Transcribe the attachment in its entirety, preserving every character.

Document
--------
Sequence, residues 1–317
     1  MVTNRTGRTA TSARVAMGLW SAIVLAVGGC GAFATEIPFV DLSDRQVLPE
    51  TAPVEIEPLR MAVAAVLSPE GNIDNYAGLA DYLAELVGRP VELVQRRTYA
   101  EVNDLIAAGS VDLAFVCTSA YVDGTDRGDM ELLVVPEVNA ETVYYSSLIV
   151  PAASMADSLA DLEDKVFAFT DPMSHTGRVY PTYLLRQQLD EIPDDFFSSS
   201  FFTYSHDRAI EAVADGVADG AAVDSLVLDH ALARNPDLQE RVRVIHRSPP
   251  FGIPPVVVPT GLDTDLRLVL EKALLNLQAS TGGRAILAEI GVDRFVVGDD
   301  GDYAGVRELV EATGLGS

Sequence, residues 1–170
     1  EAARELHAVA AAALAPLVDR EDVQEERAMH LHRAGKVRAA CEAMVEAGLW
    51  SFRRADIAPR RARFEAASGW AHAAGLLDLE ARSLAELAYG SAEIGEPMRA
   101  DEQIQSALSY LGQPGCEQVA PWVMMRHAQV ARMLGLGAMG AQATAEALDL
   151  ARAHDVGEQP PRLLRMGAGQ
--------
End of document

Sequence, residues 1–317
     1  MVTNRTGRTA TSARVAMGLW SAIVLAVGGC GAFATEIPFV DLSDRQVLPE
    51  TAPVEIEPLR MAVAAVLSPE GNIDNYAGLA DYLAELVGRP VELVQRRTYA
   101  EVNDLIAAGS VDLAFVCTSA YVDGTDRGDM ELLVVPEVNA ETVYYSSLIV
   151  PAASMADSLA DLEDKVFAFT DPMSHTGRVY PTYLLRQQLD EIPDDFFSSS
   201  FFTYSHDRAI EAVADGVADG AAVDSLVLDH ALARNPDLQE RVRVIHRSPP
   251  FGIPPVVVPT GLDTDLRLVL EKALLNLQAS TGGRAILAEI GVDRFVVGDD
   301  GDYAGVRELV EATGLGS

Sequence, residues 1–170
     1  EAARELHAVA AAALAPLVDR EDVQEERAMH LHRAGKVRAA CEAMVEAGLW
    51  SFRRADIAPR RARFEAASGW AHAAGLLDLE ARSLAELAYG SAEIGEPMRA
   101  DEQIQSALSY LGQPGCEQVA PWVMMRHAQV ARMLGLGAMG AQATAEALDL
   151  ARAHDVGEQP PRLLRMGAGQ